The Trump administration’s top education official scrapped Obama-era guidance for evaluating campus sexual assaults last week.
Every college in the country can now determine for themselves how they assess and investigate sexual assault claims. The guidance the Obama administration released in 2011 and updated in 2014 instructed universities to use a “preponderance of the evidence” standard.
Education Secretary Betsy DeVos announced on Sept. 22 new, interim guidelines that give colleges the option to stick with that standard or implement a harder-to-meet "clear and convincing evidence" standard.
News4 asked eight colleges in the D.C. area what standard they will use for evaluating sexual assault claims. Three schools said they will stick with the Obama-era rules, three schools said they're still deciding what to do and two schools did not respond to inquiries.
Here's what the schools said:
Georgetown will keep the Obama-era rules in place until further notice, a statement from the school says.
“Our current policies and processes will remain in place while we review the Q&A guidance and await the Department’s formal regulations,” the statement says. A university spokesman declined to make additional comments.
George Washington University
GW will continue to use the Obama-era “preponderance of evidence” standard, according to a statement by university president Thomas LeBlanc.
Student Eve Zhurbinsky, a senior with double majors in political science and history, participated in a protest against DeVos' decision. Zhurbinsky said she wants her school to keep the Obama-era standard and do a better job of helping students who say they were attacked.
“No matter what happens at the federal level, GW needs to take a closer look on how best to prevent violence from occurring and how to ensure that survivors feel safe,” she said.
Another student told News4 she was sexually assaulted by a fellow student. She chose not to report the attack to school officials or police.
“I was worried that if I did report, it would be a lot more pain and drama for me. People would assume I was lying," she said. She asked that News4 withhold her name to protect her privacy.
She said she worries that the DeVos policy change will deter survivors from reporting crimes and make it harder for them to prove their cases if they do report.
"Things are probably going to get even worse now," she said. "This is the wrong direction. We need more protection, not less.”
University of Maryland
UMD will continue to comply with the Obama-era standards, a university spokeswoman said.
Steven Clark, a junior who belongs to the school's College Republicans group, said he supports DeVos' decision.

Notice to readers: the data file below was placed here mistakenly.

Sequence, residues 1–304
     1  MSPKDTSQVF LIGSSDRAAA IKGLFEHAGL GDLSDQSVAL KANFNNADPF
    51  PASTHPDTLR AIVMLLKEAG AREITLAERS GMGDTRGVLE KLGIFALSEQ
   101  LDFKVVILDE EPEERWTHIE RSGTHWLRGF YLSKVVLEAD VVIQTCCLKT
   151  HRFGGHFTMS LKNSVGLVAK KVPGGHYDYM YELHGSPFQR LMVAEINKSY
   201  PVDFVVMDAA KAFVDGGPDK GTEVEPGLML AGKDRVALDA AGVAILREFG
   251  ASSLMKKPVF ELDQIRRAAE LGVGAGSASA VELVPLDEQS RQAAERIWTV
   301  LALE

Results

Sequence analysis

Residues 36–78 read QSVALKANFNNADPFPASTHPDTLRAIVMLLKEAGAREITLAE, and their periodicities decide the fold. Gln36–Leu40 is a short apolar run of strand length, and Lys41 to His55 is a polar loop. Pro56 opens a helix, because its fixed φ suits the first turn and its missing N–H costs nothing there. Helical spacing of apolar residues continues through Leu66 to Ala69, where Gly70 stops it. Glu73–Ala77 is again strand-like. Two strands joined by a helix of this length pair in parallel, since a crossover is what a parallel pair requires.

“I think the Obama administration had good intentions when they put that out,” he said. "But I agree with Secretary DeVos with the need to have more due process.”
Clark said he thinks the Trump administration's move will make college judicial proceedings on sexual assault more fair.
Catholic has yet to decide whether or not they will impose stricter standards, a university spokeswoman said.
Sophomore Griffin Namin, a politics major, said he's eager for the school to announce what they will do.
“Party politics aside, there needs to be a standard [for all universities],” he said.
George Mason University
GMU administrators are evaluating DeVos’ interim guidance, President Angel Cabrera said in a statement. School officials did not respond to requests for additional information.
AU said in a statement issued Sept. 8, a day after news broke that DeVos would change federal policy, that "any federal guidance that may come will be reviewed thoroughly with our community."
The school has not made additional comments about whether they will continue to follow the Obama-era guidance or if they will adopt a higher standard for evidence.
School officials did not respond to requests for additional information.
Maureen Smith, a senior at the school and the director of a student-run women's rights group, said she thinks DeVos' decision is a step backward.
“My thoughts went to ... how much work it took to have Title IX processes be supportive of survivors, and how regressive these changes will be," she said.
Officials at Howard did not respond to inquiries about what they will do.
University of the District of Columbia
Officials at UDC did not respond to inquiries about what they will do.